Opinion: Another 4/20, another change for America


Jennifer Hutchinson is a freshman political science major and columnist for the Daily Kent Stater. Contact her at [email protected].

Jennifer Hutchinson

It looks as if the support for legalizing marijuana is flying high. This year’s 4/20 has made more news than ever before. With two states permitting pot for recreational use and 21 others permitting it for medical use, it’s obvious that America’s view on pot is changing, and fast.

The Huffington Post reports that a dozen more states are on the road to legalization, and with the booming business behind marijuana sales, it’s hard to see why not.

Colorado made $5 million in taxed and regulated revenue in its first week of recreational pot sales. The pot business could prove to be a lucrative one, not just for Colorado, but for the whole country.

The Huffington Post reports on a study that predicts marijuana becoming a $10 billion industry by 2018. This economic success would not only be contributed to taxes placed on pot, but also to the companies who supply and help maintain marijuana dispensaries. America changing its long-time stance on pot might just be the economic rebound we need.

Along with the money made from pot sales, there’s also money to be saved. Annually, we arrest over 750,000 people for marijuana. If marijuana were to be dropped as a Schedule 1 substance, think of how much our state and federal governments would save on marijuana-related incarcerations. It’s quite a stretch to put pot in the same category as both heroin and LSD. However, this classification could likely change as more research is being done on pot’s real effects.

Just recently, President Barack Obama signed the Farm Bill, which legalized industrial hemp production for research purposes in the 12 states that permit it. However, even with the federal government becoming more relaxed on the issue, there are still a number of barriers for pot businesses.

One of the made hindrances is that banks are reluctant to work with such businesses in fear that they might be accused of money laundering if they use traditional banking services. However, Rep. Earl Blumenauer (D-Ore.) doesn’t see this being a problem for long.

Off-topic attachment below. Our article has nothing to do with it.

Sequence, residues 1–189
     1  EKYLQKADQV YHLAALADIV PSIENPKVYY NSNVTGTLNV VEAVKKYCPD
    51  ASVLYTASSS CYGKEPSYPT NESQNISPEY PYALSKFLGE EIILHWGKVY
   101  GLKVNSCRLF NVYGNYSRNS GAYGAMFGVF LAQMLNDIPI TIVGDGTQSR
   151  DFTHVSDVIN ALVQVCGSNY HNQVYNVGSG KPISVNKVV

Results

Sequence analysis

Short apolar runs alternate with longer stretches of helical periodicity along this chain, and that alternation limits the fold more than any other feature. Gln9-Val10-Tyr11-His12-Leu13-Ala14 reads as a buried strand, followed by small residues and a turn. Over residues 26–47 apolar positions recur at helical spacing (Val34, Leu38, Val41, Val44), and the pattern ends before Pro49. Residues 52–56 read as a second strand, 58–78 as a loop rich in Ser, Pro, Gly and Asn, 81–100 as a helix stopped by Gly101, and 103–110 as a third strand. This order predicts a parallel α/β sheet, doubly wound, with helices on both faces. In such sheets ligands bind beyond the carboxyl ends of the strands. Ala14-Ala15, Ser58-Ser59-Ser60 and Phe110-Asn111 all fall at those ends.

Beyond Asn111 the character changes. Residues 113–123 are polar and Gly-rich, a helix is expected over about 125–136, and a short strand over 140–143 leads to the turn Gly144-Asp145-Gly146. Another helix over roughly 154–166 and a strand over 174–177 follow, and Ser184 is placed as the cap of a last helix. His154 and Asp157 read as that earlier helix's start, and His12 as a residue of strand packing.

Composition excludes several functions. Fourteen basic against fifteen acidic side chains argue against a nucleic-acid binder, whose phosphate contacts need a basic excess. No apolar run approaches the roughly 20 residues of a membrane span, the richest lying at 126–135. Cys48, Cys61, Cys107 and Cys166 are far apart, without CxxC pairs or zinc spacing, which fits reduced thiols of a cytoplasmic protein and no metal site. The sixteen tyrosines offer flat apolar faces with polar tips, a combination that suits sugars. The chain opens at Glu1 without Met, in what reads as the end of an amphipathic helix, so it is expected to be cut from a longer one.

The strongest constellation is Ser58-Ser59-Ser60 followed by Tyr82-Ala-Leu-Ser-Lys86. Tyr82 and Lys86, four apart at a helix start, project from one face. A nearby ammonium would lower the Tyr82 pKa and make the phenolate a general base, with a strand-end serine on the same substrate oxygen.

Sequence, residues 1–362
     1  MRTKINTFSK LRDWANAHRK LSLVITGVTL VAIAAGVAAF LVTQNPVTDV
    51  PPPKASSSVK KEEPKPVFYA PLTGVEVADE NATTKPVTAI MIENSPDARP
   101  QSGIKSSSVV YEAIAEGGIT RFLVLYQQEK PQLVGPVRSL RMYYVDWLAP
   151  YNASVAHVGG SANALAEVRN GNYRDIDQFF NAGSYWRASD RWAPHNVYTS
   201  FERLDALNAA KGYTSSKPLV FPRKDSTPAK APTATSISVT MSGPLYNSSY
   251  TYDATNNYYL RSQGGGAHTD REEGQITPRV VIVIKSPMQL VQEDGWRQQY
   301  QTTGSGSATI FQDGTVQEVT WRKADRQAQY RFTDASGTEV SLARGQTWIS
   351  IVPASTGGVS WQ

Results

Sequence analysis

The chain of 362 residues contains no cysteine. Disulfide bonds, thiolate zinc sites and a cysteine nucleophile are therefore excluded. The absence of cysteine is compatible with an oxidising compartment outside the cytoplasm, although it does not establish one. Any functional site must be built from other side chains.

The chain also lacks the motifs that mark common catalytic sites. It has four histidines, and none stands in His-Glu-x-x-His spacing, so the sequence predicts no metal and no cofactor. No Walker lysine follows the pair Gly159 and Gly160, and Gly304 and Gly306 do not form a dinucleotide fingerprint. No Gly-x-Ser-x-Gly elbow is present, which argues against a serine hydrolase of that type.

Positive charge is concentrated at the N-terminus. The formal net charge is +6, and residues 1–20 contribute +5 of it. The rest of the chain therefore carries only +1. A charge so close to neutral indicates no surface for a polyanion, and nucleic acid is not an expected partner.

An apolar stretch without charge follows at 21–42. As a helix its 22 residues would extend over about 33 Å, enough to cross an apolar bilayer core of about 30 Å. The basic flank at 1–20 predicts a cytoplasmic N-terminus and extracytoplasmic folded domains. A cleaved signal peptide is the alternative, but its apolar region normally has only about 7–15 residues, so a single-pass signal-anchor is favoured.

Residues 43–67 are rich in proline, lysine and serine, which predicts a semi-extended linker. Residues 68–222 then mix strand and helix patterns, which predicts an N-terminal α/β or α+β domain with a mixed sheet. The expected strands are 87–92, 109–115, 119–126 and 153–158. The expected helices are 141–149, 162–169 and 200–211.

“I think it’s game over in less than five years,” he stated in an interview. “There’s no question that we’re likely to see another state or two this year legalizing [recreational] use. We’re going to see more medical marijuana progress. The crazy prohibitions on bank services and probably the tax disparities — these are all eroding.”

I’d have to agree with Representative Blumenauer. America’s stance on legalizing pot is drastically changing, and I believe we are only trying to pro-long the inevitable. This is nothing more than a repeat of the prohibition of alcohol. It didn’t work then, and it’s not going to work now.

There is so much potential behind the pot industry. Let’s face it, it’s a pretty high-demand item. The amount of revenues and funds saved from its legalization could be a successful economic stimulant for this entire country.

While its use still remains a morality issue, it won’t be this way for long. There are too many gains and not enough blatant consequences for marijuana not to be legalized.

How recreational pot use should be regulated and criminalized is still up in the air, but we need to start heading in that direction and looking toward its future in America. Until then, its fight is only getting stronger.

Editor’s note: Due to an editor’s error it was said that Colorado made $55 million in taxed and regulated revenue in its first week of recreational pot sales. The correct amount was $5 million, and the article has been updated to reflect this correction.